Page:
Getting back to the Kyrie NBA boycott thing, imagine two scenarios:
1. Kyrie leads a push to boycott the remainder of the season.
The entire continuation of the 20-21 season is cancelled due to the players wanting to advance the BLM movement.
Other players are unhappy, and make it well known that they thought the best approach was to play out the season. But the number of players boycotting with Kyrie made it impractical to continue, so the NBA has no chance but to cancel.
2. The 20-21 season continues. The NBA finals is a massive hit for sports starved fans. The basketball storyline is Lebron continuing his quest for comparison with MJ. Many top players use their voice to continually talk about BLM in the media throughout the playoffs. Some put prominent messages on their uniforms or sneakers. Others publicly pledge to donate their salaries to BLM associated organisations.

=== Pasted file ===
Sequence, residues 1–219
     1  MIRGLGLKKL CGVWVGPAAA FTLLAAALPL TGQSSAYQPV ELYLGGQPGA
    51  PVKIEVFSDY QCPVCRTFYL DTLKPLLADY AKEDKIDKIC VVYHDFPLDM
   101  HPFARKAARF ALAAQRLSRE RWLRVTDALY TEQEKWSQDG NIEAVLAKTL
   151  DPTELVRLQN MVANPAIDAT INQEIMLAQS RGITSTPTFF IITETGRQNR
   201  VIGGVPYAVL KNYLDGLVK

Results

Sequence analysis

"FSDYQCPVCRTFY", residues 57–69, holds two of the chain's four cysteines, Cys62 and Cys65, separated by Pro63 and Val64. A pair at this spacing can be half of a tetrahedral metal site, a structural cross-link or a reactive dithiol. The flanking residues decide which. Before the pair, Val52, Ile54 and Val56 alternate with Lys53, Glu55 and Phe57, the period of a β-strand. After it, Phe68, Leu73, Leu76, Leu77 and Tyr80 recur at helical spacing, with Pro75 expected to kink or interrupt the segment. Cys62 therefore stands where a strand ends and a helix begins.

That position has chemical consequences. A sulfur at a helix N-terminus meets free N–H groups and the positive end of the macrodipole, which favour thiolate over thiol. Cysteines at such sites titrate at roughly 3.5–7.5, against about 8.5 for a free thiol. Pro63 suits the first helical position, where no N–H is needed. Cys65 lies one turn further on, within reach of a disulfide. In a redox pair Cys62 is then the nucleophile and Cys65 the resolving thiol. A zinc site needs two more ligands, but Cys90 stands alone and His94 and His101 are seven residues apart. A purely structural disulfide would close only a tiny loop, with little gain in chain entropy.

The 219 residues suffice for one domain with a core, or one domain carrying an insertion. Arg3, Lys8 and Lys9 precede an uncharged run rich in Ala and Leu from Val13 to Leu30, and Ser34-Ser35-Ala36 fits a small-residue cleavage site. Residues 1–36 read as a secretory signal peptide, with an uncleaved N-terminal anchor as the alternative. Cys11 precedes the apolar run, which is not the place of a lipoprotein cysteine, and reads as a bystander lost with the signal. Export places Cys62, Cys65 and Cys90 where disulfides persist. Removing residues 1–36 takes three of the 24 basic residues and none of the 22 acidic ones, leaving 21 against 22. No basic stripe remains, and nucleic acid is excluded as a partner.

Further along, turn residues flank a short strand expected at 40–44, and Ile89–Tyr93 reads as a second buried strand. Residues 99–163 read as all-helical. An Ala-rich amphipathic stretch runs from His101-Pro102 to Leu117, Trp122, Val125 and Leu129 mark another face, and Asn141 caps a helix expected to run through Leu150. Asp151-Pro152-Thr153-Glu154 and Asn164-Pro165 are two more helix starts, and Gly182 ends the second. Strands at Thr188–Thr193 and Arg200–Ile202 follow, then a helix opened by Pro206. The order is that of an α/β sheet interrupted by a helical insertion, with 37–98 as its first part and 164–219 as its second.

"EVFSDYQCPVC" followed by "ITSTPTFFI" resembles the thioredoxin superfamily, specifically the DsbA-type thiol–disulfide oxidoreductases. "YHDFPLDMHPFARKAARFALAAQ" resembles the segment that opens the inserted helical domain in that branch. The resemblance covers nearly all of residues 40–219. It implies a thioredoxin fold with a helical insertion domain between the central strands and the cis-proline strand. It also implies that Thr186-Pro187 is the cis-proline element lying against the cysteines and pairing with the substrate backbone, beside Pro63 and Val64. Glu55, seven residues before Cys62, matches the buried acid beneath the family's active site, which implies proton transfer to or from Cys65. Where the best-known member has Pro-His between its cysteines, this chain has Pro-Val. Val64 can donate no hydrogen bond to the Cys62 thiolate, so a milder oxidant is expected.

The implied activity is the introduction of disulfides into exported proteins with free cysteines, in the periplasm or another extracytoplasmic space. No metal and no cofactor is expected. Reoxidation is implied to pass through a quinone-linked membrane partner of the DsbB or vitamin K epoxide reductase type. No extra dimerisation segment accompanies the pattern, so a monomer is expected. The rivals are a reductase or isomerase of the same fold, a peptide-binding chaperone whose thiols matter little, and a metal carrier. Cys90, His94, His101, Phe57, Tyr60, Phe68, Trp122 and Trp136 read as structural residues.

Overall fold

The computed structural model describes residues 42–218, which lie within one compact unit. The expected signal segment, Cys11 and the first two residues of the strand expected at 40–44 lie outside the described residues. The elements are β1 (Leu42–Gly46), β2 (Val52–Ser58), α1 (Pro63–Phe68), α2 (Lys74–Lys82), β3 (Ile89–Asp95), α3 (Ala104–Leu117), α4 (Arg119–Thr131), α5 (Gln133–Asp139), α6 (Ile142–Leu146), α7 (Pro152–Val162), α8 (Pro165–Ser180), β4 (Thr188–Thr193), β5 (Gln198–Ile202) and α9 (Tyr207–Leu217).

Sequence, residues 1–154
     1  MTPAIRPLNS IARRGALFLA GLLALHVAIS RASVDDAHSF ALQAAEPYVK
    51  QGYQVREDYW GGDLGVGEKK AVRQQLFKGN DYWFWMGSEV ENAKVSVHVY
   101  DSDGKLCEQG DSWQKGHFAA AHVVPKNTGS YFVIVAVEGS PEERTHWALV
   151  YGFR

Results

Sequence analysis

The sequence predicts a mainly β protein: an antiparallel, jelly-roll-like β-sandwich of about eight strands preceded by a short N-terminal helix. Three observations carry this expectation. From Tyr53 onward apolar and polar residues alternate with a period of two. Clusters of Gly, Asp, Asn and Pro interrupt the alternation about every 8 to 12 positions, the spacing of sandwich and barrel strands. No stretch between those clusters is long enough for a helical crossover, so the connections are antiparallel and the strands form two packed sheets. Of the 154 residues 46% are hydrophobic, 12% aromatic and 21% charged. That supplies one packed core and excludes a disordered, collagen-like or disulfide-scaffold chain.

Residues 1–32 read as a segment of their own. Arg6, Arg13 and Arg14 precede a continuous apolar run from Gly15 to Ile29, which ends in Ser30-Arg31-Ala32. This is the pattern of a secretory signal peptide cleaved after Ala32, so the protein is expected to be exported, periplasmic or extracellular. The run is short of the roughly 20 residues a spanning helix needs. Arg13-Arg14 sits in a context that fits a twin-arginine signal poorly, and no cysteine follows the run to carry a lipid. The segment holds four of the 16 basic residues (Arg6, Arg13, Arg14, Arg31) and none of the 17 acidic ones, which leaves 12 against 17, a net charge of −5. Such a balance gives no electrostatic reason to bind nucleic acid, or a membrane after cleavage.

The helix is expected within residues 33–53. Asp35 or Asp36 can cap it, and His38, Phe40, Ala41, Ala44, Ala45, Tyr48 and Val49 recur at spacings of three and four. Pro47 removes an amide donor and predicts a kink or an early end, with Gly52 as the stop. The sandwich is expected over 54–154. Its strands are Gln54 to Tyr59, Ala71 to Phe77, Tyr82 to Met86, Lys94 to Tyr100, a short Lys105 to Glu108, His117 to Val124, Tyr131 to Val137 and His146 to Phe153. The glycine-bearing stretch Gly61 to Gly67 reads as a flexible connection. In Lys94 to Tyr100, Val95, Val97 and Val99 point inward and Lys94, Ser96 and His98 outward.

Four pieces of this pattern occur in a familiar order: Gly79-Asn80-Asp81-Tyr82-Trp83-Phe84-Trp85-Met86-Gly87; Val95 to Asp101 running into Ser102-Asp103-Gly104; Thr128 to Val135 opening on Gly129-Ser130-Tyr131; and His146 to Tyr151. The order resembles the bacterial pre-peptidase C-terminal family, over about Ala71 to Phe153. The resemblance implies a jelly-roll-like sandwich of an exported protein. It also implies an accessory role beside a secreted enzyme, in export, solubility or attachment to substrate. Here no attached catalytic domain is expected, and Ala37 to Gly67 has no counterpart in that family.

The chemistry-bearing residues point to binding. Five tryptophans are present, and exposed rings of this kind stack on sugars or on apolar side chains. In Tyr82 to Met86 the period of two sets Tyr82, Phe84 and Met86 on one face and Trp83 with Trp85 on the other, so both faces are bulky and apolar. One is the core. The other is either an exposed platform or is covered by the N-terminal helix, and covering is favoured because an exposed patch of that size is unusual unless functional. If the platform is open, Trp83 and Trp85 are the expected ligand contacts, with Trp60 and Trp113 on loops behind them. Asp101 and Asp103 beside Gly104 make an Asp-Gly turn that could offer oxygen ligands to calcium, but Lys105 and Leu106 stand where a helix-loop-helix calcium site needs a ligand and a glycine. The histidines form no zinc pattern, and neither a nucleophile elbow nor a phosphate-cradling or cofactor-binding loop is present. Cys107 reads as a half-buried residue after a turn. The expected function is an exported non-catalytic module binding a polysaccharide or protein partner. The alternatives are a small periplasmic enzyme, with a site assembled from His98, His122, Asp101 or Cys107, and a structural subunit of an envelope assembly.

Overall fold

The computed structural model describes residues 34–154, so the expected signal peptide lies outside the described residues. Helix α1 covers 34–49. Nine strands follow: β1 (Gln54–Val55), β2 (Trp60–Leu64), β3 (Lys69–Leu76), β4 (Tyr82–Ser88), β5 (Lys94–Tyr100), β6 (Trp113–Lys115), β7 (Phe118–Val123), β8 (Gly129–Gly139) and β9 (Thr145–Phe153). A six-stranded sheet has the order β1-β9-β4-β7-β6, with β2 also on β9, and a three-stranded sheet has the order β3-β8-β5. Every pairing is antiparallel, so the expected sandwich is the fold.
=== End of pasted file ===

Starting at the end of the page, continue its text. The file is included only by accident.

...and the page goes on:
In both scenarios:
Moving forward into a shortened offseason, with a US election in November and the re-scheduled Olympics next year, many top players continue talking about BLM at every opportunity, bringing their message across America and the Globe.
What would happen in each scenario?
Here's some thoughts
Under the cancellation model, there would be an initial media frenzy as the public realised "Wow! The season has been cancelled", but after a week or two, this initial frenzy would die down, and the boost to BLM might prove to be short-term.
Under the cancellation model, Fox News and conservative figures use this as an opportunity to extend the culture war nature of the debate. Of course, this would happen anyway, but the debate would become particularly vitriolic and divisive once the season was cancelled. Some NBA players comments- like Lebron, who wants the season to continue - would be used to fuel a debate and create a storyline about division amongst the NBA's stars. The public would become even more divided.
The continuation model has a better chance of getting the entire public on board and getting widespread support for BLM. Of course the debate would remain divisive, but to me, it seems continuing creates a better opportunity for a non-partison, uniting groundswell of support for a critical society-wide analysis of issues around law enforcement and racial inequality generally.